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10 tips for pulling a cracker of a Christmas online

September 18, 2009 by Chris Barling

Christmas underpins profitability for the whole year for most stores. When it comes to preparing for the Christmas season online, “the early bird catches the worm” as they say. Before you know it, the rush to service orders has replaced any consideration on how to optimise sales. Here are some seasonal tips from SellerDeck and some e-store owners to help you get ready.

Prepare marketing ideas early
Whatever your Christmas marketing plans, run some small-scale tests soon. Establish what works, and refine it. If search engines matter to you, optimise in plenty of time.

Keith Milsom at http://www.AnythingLeft-handed.co.uk advises, “We plan ahead for promo emails to various customer groups as they take a while to prepare. We also boost PR with a press release in September.”

Can you handle the extra traffic?
If there is anything worse than having no orders, it's having more than you can handle. This just produces dissatisfied customers.

The average etailer gets 30% more orders in November/December. Make sure you can cope with the increase. This includes web hosting, and extra staff for packing.

Bill Stevenson of www.spicesofindia.co.uk advises ordering extra stock and advertising for temporary staff in September. “Last December visitors fell, but conversion rates tripled. We ran out of many Christmas gift sets and could not get new stock. This year we will order a lot more.”

Sort your logistics
Make sure your logistics supplier can cope. To avoid missed deliveries, let customers select delivery to their work address.

Robert Johnston of www.gentlemans-shop.com adds, “We email customers their parcel tracking details and confirmation of delivery date. This dramatically reduces calls about deliveries.”

Seasonal promotions
“Don't be a bah-humbug! Decorate your site and get into the Christmas spirit,” says James Auckland at www.lunaspas.com.

Find creative ways to mark the season. Put gift ideas on your home page, and stock Christmas-themed items. Remember to change the pages on Boxing Day.

Last minute shoppers
Cite a final ordering date for Christmas delivery on every page - highlight when the deadline has passed. You’ll need different dates for home and overseas orders.

Drop customers a reminder email, e.g. must order by end of tomorrow for delivery outside Europe.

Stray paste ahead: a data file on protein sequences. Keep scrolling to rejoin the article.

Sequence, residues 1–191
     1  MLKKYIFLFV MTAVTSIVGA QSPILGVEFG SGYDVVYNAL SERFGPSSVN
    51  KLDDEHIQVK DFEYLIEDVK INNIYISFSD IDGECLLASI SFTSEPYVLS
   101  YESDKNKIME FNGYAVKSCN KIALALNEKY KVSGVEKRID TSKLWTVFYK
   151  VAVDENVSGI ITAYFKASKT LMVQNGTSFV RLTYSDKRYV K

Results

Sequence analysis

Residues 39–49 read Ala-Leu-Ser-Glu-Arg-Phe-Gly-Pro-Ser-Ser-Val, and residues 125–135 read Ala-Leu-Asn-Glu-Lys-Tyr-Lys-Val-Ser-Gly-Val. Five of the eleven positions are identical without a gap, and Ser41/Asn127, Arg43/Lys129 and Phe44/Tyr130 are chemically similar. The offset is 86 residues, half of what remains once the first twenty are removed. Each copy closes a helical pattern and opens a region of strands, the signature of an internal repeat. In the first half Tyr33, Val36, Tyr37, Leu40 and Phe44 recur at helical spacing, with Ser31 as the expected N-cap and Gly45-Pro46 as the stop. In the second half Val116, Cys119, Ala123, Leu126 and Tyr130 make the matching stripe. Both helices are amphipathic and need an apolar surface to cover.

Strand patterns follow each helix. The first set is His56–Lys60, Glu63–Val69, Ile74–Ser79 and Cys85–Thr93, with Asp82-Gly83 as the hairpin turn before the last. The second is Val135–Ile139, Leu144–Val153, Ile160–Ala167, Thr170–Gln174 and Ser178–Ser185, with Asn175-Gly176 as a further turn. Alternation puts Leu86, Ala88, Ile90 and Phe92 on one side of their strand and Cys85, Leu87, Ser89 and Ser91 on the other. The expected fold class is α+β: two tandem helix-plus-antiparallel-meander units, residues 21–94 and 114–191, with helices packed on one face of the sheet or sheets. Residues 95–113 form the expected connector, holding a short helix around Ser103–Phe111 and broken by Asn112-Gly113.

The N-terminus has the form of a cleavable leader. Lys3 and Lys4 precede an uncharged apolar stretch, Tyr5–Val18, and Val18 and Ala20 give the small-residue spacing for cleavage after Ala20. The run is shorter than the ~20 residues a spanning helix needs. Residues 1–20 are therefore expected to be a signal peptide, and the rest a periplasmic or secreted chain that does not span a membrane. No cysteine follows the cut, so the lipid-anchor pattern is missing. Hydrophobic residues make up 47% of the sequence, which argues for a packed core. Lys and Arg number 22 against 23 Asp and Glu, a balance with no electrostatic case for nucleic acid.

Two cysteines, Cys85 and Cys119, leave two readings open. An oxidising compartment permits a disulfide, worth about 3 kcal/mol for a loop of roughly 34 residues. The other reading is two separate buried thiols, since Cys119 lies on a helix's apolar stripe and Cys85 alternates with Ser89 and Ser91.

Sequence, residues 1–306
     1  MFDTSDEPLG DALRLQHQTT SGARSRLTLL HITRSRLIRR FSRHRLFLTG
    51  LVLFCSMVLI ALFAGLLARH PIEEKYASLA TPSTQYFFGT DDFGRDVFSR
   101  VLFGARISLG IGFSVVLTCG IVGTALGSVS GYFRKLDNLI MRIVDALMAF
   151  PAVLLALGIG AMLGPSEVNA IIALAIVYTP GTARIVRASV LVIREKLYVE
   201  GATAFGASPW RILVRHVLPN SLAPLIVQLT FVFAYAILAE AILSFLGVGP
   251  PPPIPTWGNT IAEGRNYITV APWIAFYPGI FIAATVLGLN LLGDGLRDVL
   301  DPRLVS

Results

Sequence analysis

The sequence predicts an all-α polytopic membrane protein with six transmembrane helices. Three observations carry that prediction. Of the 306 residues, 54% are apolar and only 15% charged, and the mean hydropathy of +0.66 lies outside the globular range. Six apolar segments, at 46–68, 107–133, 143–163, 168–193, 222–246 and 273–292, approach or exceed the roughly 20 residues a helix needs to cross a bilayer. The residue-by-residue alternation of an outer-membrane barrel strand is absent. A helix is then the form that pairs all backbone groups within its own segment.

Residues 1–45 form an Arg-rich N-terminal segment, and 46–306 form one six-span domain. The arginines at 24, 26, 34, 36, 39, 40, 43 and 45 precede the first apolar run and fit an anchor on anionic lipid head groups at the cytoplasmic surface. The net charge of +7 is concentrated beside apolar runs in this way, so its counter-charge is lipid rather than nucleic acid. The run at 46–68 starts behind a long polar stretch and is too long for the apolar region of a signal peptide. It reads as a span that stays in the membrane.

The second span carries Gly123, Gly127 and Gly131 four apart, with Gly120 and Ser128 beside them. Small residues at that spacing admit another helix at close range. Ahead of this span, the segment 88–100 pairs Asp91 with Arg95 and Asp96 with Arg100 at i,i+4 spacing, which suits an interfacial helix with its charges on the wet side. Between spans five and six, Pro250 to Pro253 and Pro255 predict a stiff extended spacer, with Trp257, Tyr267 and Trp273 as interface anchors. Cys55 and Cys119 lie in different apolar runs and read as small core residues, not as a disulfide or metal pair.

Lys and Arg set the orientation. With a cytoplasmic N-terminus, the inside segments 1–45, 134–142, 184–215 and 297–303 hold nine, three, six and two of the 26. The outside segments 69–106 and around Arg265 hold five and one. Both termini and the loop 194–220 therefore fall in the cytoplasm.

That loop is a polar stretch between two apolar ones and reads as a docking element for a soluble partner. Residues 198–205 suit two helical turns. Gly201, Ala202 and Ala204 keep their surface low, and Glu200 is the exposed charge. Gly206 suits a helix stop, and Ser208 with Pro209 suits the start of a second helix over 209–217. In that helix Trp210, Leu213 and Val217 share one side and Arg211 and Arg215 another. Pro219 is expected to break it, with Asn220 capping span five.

Customers in a rush
Most online shoppers are in a hurry, particularly at Christmas. Help them out with a search capability that can match by category and price. Text-based searching is no help when you want a gift for less than £10 for your eight-year-old niece.

Another aid for rushed buyers is a gift-wrapping service. It can also increase your margin.

Upsell to maximise the opportunity
Where gifts need additional items such as batteries, ensure they can be ordered together. Suggest similar gifts, and incentivise extra purchases with offers like 'buy two and get one free'.

Thank regulars
James Auckland again: “Thank your suppliers, as well as your regular customers.” Good supplier relationships can help resolve problems. Consider offering discount during January to suppliers and good customers.

Keep a sense of humour!
Robert Johnston once had an irate customer repeatedly phoning on Christmas Eve, “about the delivery of his father’s missing present. He accused me of ’ruining his Christmas‘. Just as we closed, he called to apologise. His sister had signed for the parcel, and dad’s present was already wrapped and under the tree.”

Advertise January sales
Plan your January sale early. It gives ‘value shoppers’ a chance to clear all that dead stock for you.

Finally, book a well-earned rest for February. You will probably need it. Just beware of tour-operators trying to up-sell you to something more expensive!

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